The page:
Circles of Sighs are a band with a mission and a vision. “Occult themed, anonymous progressive synth doom audio-visual collective” might sound like a mouthful of a bio, but there isn’t really a better way to describe them or their much-anticipated debut album Salo. The band caused a stir within the underground scene after their track “Burden of the Flesh” debuted in January of this year, and based on overwhelmingly positive feedback, they went straight to work on an album that is set to push the boundaries of doom while still being easily accessible.
Purposefully tight-lipped about any personal details involving the members, the band has gone on the record saying they prefer to let their music and visuals speak for itself. While they forego the personas that their contemporaries who wish to remain anonymous build up, they hide their appearance with an impressive amount of costuming, makeup and pageantry, the kind of theatrics that I think this kind of metal needs. It plays right into their occult and cosmic themed music and lyrics, tying the whole package together in a way that breeds hype all by itself. The music does do a lot of speaking, though. “Digital beats, downtuned riffs, harsh keyboards, and warm tube amps” is how the band categorizes the approach to Salo, and that’s one facet of it, but there’s also the acoustic guitar and upright bass sections, synth interludes, soaring vocals and even a Kraftwerk cover to throw in as well. There’s a lot of different pieces being fit together here, but Circle of Sighs manage to craft something that both respects the classic doom formula while still playing in the space and taking a lot of liberties with experimentation. The groundwork for the songs is a Ghost-meets-Pallbearer brand of old school flavored doom, and from there the band throw in influences ranging from NWOBHM riffing (“Unicorn Magic”) to power metal vocals to jazz and folk passages (“Hold Me Lucifer”) to krautrock and synthpop (the title track and “The Machine Man,” their sludgy Kraftwerk cover).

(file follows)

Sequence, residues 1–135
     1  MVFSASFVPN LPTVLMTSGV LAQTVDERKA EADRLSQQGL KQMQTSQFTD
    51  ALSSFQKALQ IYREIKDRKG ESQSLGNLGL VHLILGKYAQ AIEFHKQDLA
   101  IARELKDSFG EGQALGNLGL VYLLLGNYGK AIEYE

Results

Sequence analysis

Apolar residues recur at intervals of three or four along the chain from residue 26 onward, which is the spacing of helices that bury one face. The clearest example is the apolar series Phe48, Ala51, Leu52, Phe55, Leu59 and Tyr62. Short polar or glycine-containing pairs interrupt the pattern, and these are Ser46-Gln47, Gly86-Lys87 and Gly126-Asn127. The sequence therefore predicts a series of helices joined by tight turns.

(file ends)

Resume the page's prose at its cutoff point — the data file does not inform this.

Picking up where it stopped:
The pride of the band’s sound is the synths they bring in to add depth and atmosphere, so much so that they describe their sound as “synth-doom.” You can’t deny that they are there, but for a band that branded itself as such, I can’t help but notice that the synths are not really at the forefront of Salo. With the exception of interludes and a couple songs that are all electronic, most of the instrumentation on the album is the standard guitar, bass and drums. It’s not bad by any stretch of the imagination, but I can’t help but feel like something is missing that was supposed to be there in a lot of the songs. The upside to that is that this ended up being a much heavier album than I was expecting. The guitars are crunchy and thick thanks to the tube amps, the drums are heavy and driving, and there are killer riffs aplenty, especially in standout track “Burden of the Flesh.” Still, Salo also lacks a lot of the depth I was hoping for without that extra flair. Maybe this is a case of expectation not meshing with reality, but I’m just the tiniest bit let down by the fact that the synths seem to be mostly used as transitions when I would have loved them to be a more consistent part of the overall sound of the album.
On the whole though, Salo is a really solid doom album and if you look at it as such, it’s definitely got a lot going for it. Look for the synths to add little touches of ambience and punch in places, and revel in the huge aesthetic the band puts out there. They’re holding off on live shows now, for obvious reasons, but as soon as they can get out there, they’re worth checking out for the stage show alone, let alone the nasty riffs. If you’re inclined, don’t forget Bandcamp is donating their profits from this Friday the 19th to the NAACP Legal Defense fund. Pick this one and maybe 20-30 other albums up.